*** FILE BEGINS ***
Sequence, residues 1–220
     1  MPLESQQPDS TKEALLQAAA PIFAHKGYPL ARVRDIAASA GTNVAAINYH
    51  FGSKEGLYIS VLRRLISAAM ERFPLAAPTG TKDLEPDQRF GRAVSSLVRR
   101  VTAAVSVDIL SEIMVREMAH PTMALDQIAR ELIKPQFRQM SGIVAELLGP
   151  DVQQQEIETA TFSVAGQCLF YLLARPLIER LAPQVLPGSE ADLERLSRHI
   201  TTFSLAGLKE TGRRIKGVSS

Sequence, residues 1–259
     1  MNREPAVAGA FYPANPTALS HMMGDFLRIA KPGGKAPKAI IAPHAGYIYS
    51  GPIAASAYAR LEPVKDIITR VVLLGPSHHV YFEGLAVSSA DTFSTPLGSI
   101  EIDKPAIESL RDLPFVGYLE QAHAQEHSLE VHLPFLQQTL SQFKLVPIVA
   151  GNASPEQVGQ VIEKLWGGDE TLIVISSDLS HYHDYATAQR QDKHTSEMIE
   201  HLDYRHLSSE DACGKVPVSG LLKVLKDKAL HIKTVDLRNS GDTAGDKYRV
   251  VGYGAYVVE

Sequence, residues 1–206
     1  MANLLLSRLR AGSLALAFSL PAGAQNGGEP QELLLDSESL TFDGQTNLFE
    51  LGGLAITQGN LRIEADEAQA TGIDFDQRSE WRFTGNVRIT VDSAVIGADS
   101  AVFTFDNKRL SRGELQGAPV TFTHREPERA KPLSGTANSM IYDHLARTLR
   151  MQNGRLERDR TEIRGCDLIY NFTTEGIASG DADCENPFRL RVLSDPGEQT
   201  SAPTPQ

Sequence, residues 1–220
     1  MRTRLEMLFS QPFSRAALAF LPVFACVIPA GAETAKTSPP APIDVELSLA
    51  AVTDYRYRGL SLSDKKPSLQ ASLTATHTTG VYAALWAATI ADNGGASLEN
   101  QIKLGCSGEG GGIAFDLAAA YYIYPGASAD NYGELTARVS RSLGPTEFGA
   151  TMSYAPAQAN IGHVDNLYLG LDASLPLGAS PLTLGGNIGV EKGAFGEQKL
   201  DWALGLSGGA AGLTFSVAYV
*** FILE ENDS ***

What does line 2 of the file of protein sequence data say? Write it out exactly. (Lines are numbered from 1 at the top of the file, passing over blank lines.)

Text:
     1  MPLESQQPDS TKEALLQAAA PIFAHKGYPL ARVRDIAASA GTNVAAINYH